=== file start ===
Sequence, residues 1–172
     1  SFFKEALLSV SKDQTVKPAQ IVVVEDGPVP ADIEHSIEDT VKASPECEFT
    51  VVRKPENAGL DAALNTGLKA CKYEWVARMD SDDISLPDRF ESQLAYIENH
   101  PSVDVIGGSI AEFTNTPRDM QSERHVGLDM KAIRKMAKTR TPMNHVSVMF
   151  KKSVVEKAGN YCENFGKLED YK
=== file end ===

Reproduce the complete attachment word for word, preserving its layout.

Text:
Sequence, residues 1–172
     1  SFFKEALLSV SKDQTVKPAQ IVVVEDGPVP ADIEHSIEDT VKASPECEFT
    51  VVRKPENAGL DAALNTGLKA CKYEWVARMD SDDISLPDRF ESQLAYIENH
   101  PSVDVIGGSI AEFTNTPRDM QSERHVGLDM KAIRKMAKTR TPMNHVSVMF
   151  KKSVVEKAGN YCENFGKLED YK